Affirmative Action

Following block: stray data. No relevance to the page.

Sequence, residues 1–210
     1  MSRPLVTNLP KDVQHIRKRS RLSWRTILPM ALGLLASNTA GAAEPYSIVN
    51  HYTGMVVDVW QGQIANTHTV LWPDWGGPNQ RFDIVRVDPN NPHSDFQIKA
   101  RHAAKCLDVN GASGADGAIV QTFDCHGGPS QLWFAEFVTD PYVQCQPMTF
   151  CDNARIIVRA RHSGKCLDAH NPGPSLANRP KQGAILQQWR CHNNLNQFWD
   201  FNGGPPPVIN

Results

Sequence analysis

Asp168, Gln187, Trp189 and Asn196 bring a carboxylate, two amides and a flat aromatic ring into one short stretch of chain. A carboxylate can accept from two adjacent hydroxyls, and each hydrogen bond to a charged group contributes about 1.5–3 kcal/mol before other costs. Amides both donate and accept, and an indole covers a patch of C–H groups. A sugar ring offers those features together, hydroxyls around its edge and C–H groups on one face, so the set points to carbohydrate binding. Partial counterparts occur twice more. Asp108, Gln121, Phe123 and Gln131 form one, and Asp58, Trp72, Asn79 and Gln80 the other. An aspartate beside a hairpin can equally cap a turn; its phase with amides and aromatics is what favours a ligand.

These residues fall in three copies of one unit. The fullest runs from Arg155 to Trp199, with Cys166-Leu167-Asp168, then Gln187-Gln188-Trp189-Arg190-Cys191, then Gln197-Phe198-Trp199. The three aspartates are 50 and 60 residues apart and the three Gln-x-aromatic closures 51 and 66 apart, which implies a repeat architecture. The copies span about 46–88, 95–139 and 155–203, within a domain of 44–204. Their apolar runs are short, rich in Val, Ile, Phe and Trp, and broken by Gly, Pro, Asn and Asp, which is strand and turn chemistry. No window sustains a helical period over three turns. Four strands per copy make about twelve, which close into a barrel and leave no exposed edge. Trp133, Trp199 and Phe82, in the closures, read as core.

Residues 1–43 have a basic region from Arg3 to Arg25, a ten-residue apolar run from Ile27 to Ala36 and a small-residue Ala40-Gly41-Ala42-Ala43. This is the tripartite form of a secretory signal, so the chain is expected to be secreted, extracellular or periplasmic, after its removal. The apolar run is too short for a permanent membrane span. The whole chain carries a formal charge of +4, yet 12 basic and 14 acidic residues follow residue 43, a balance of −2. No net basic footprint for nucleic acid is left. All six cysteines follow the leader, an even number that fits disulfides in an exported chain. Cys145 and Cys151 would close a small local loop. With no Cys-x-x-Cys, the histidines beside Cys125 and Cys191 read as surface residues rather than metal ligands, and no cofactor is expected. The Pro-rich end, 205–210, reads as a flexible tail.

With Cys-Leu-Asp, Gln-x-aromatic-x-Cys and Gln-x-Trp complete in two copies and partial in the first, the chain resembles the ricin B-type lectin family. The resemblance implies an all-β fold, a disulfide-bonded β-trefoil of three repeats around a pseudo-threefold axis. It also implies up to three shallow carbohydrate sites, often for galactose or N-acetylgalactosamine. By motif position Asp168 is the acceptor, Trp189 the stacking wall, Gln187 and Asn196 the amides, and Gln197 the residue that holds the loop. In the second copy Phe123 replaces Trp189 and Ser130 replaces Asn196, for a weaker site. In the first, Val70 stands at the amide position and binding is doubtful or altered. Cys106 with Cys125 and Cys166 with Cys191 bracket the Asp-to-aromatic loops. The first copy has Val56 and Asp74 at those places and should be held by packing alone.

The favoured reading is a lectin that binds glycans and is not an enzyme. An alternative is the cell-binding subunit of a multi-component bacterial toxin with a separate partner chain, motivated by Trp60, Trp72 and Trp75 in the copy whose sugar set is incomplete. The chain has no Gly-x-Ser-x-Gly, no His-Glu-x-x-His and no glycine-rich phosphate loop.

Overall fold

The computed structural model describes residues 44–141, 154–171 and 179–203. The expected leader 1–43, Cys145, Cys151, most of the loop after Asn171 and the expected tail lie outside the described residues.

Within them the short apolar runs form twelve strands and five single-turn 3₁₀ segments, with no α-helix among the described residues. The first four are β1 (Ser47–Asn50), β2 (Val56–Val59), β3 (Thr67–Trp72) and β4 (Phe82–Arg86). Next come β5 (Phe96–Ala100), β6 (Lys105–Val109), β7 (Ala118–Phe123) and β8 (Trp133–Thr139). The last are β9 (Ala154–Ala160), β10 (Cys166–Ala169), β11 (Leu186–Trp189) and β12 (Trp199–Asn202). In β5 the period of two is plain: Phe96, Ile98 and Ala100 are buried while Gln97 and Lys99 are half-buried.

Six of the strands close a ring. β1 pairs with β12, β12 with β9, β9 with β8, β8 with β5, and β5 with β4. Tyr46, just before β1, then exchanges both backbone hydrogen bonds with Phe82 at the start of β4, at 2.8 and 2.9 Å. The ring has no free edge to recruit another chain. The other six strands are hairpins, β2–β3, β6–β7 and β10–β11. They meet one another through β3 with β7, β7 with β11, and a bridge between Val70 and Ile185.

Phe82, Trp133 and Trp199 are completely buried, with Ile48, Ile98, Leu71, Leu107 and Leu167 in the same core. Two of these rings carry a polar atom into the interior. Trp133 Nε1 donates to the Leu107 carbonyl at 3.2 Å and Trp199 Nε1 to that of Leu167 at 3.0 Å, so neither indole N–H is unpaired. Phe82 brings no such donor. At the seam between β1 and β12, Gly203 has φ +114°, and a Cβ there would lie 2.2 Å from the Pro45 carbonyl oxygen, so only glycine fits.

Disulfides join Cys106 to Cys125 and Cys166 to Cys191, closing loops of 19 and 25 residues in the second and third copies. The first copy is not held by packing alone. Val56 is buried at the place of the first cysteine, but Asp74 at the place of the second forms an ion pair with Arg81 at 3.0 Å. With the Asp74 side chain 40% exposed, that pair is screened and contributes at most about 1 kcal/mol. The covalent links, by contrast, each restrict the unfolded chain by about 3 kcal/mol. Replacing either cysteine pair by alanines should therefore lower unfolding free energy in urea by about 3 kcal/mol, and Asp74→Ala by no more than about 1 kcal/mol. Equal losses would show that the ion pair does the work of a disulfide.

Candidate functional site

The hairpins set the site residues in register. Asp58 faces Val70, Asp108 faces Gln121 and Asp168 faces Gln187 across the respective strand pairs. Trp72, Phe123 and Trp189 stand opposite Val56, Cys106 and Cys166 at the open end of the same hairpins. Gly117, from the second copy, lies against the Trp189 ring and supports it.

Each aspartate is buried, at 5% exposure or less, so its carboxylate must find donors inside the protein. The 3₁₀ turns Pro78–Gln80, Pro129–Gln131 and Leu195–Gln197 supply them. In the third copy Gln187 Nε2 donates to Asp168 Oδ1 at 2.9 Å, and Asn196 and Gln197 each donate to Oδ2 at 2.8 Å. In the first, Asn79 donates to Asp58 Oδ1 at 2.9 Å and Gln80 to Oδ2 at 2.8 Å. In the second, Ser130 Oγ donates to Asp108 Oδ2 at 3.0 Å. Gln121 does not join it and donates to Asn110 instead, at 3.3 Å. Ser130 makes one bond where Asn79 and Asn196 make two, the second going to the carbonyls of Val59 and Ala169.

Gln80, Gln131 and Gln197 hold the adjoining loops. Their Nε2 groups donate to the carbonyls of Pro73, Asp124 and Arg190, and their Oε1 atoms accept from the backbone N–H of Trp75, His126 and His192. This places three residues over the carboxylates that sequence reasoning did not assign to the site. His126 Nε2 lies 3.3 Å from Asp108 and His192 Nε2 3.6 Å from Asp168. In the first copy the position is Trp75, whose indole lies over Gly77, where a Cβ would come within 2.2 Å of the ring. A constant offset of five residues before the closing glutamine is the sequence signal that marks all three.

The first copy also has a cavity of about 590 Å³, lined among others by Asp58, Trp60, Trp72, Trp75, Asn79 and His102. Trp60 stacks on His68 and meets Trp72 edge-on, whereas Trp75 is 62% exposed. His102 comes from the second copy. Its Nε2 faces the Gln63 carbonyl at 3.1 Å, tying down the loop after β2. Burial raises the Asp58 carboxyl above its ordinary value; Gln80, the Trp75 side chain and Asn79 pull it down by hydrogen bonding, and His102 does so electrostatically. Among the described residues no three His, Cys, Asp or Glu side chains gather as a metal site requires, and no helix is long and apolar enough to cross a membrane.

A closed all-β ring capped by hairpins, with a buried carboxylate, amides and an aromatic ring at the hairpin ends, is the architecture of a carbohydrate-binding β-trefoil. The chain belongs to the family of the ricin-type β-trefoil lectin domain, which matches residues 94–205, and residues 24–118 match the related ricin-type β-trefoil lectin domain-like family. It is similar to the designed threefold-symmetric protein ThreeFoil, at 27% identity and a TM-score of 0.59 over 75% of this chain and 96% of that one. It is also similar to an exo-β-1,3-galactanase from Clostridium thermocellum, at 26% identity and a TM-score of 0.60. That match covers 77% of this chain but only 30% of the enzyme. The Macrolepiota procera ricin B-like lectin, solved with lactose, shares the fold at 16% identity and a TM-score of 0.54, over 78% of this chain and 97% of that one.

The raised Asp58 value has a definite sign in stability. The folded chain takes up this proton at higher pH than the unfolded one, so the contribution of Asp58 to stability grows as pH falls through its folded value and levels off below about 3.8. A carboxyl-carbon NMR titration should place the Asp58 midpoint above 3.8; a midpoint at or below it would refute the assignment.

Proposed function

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Affirmation Action In Today Society: Myths and Facts As America nears the end of the twentieth century, we still face many lingering problems that stand unresolved. One of the most pressing and difficult problems is that of human relations, or to many, the trigger word race relations. For over 225 years America has been trying to fulfill the promise of the founders of this nation that “All Men Are Created Equal”, yet we still see institutionalized injustices and discrimination. Therefore, this paper attempts to look at one controversial issue that was implemented to correct previous human relation injustices of our nations. This issue is Affirmative Action. To examine affirmation action, this paper looks at the origin of affirmative action programs, U.S. Supreme Court affirmative action debate, employment and affirmative action, and finally myths and facts about affirmative action. I hope that through this paper these issues can be presented to gain a better understanding of affirmative action in today’s society. Affirmative action is a policy assigned to increase representation of women and minorities in business, educational institutions and government. It origin lies in the legislation that came out of the civil right movement of the 1960’s. The Civil Right Act of 1964 was passed, which forbids discrimination unions, employment agencies, and business employing more than 25 employees. However, the tasks for enforcement of this law had been immense and extremely difficult. In an endeavor to redress the systematic discriminations of the past, especially against blacks, remedial programs often called "affirmative action" were undertaken by educational institutions, unions, and governments. These programs required a percentage of minorities – group (racial minority and women) representation goal and a timetable for accomplishment of that goal. The basic premise was to level to playing ground for minorities. Almost, immediately from its inception affirmative action program has been controversy. The process of minority goals and percentages created a powerful” “white backlash”. Critics charge that the ratios are not goals but quotas and that affirmative action programs really call for reverse discrimination (discrimination against white males). Resolution of this conflict is difficult. While it is true that some minority group members were given preferential treatment and therefore some whites were discriminated against. However, white males must realize that they have benefited in countless ways from racism. For most of this country’s history, the nations top universities and businesses practiced the most effective form of affirmative action ever; the quota was for 100 percent white male. However, ever with affirmative actions programs in place, still minority-group members face far more discrimination than their white male counterparts. They still receive less pay and job opportunities than white males. Therefore, the legal controversy of affirmative actions programs continues. Affirmative Action programs have met with varied fates in the Supreme Court. The first case involved a quota favorable to minority applicants. A man who had all the necessary qualifications but whom a state-run medical school rejected because the quota had filled all the openings successfully challenged it. But the Court upheld a private employer's affirmative action program that preferentially hired minorities for new job openings. In 1980 the Court ruled that Congress could limit the use of federal funds in the construction industry to concerns that employed at least ten percent of workers from minority groups. "Affirmative action" is an area where the Supreme Court still seems far from achieving a stable consensus. In general, the Court has allowed the use of such programs based on race or gender in cases involving hiring, job promotion, and school admissions. But new issues have emerged involving seniority systems in employment. When the economy compels cutbacks in the work force, the last hired (usually minority workers) are the first fired, and the Supreme Court has grappled with the question of whether layoffs and firings may be made on the basis of race in order to maintain a balanced work force. The Court has held that minority employees may not be given artificially high seniority status when no actual discrimination had been directed toward them, and it has upheld employment seniority systems even if they result in a heavier burden to minorities, provided such systems were not created with discriminatory intent. In 1986 the Court invalidated an "affirmative action" plan that gave minority employees more protection against layoffs than it gave others. Nevertheless, where there is a compelling need to eradicate past discrimination, the federal courts have a great deal of latitude in creating "affirmative action" programs to rectify that injustice, and the courts can order a program that gives benefits to more than those who were the actual victims of discrimination. As of 1988, however, the Supreme Court was still divided in its approaches to this highly controversial area. However, public opinion polls show that even among whites about two-thirds of the people support affirmative action programs in employment. Although both sex and race (employment) segregation have declined in the past 25 years, in the 1990s workers' sex and race still affect the jobs they hold--with white men still over-represented in the best paying jobs," writes Barbara F. Reskin in her report, "The Realities of Affirmative Action in Employment". In her analysis of the labor market in 1996, Reskin, professor of sociology at Harvard University, found "almost 30 percent of white workers held managerial or professional jobs, compared with about one in five African-Americans and about one in seven Hispanics." Keep this in mind when debating affirmative action, which is designed to combat ongoing job discrimination. Critics of affirmative action often claim that it causes employers to hire less qualified and productive workers, resulting in inefficiencies in the workplace. Advocates contend that it has generally spurred the hiring of more women and minorities without compromising work performance. To determine which view is more accurate, economists Harry J. Holzer and David Neumark of Michigan State University analyzed the results of a survey of some 3,200 employers in the Atlanta, Boston, Detroit, and Los Angeles areas from 1992 to 1994. Their findings suggest that affirmative action programs have little if any negative effect on worker productivity. The survey results indicate that employers who stress affirmative action in their recruiting programs make extensive efforts to attract and screen job applicants. They also are more likely to provide training to those they do hire and to evaluate their performance carefully. While such efforts enable companies to hire more female and minority workers, the survey results indicate that aside from educational backgrounds, the qualifications and--more important--the work performance of such hires are on a par with other employees. To be sure, those employers whose affirmative action policies are focused more directly on hiring and who don't engage in strong ``outreach'' recruitment efforts do indicate that they are more likely to hire less-qualified females and minorities. But even these workers' job performance does not appear to suffer-- probably because their employers also tend to provide them with more training to bring them up to snuff. In short, claims that affirmative action entails costs in terms of lower worker productivity aren't borne out by employer reports. To further examine Affirmation Actions, here are ten myths and facts that must be considered in the debate: Myth #1: Affirmative Action is "reverse discrimination" -- let's stop giving special rights to certain groups while others are left out. Fact: Affirmative Action is fair! Affirmative Action levels the playing field so people of color and all women have the chance to compete in education and in business. White men hold 95% to 97% of the high-level corporate jobs. And that's with affirmative action programs in place. Imagine how low figures would be without affirmative action. Of 3000 federal court decisions in discrimination cases between 1990 and 1994, only 100 involved claims of reverse discrimination; only 6 of those claims were found to be valid. Myth #2: Affirmative Action isn't necessary anymore because discrimination is illegal. Fact: Women and people of color still face discrimination. Despite the enormous gains made by the civil rights and women's rights movements, women and people of color still face unfair obstacles in business and education. An astonishing 70% of schools are not in compliance with Title IX, the Federal Equal Education Opportunity law. For every dollar earned by men, women on a whole earn 74 cents, African American women earn 63 cents and Latino women earn 57 cents. According to the Census Bureau, only 25% of all doctors and lawyers are women. Less than 1% of auto mechanics are women. And women are only 8.4% of engineers. Myth #3: Women-owned companies get fewer contracts because there aren't very many of them. Fact: Women-owned businesses don't get their fair share of government contracts. Less than 3% of federal contracts go to women-owned firms. In Washington, less than 10% of state contracts and purchasing dollars go to women-owned firms -- even though women own 39% of firms. Myth #4: Affirmative Action should be based on economic need. Fact: Affirmative Action is necessary so that women and people of color of every economic class have the opportunity to enter all fields. Women and people of color should, of course, have the chance to compete for jobs in the trades, construction, skilled labor -- and they should have access to professional jobs in engineering, medicine and the law as well as policy-making positions in executive suites and on boards of directors. Myth #5: Affirmative Action lowers standards in education and the workplace by letting unqualified people get ahead. Fact: Affirmative Action helps qualified candidates overcome racism and sexism. Affirmative Action is an investment in the future. By the time today's college students are at the height of their careers, one-third of the population will be comprised of African Americans and Latinos. Myth #6: Affirmative Action lowers the education standards. Fact: If half of the people of color who are admitted to schools under affirmative action programs were cut, the acceptance rates of white men would only increase by 2%. Women still face barriers in schools. In Washington, women receive only 12% of doctorates in engineering, and women are substantially under-represented in computer science nationwide. Myth #7: Nobody else gets special consideration when applying to a college or for a job. Why should women and people of color? Fact: Lots of people get "special" consideration when applying for jobs or to schools. Veterans often get preferences in workplaces and on campuses – which usually benefit men more than women. The children of alumni get preferential treat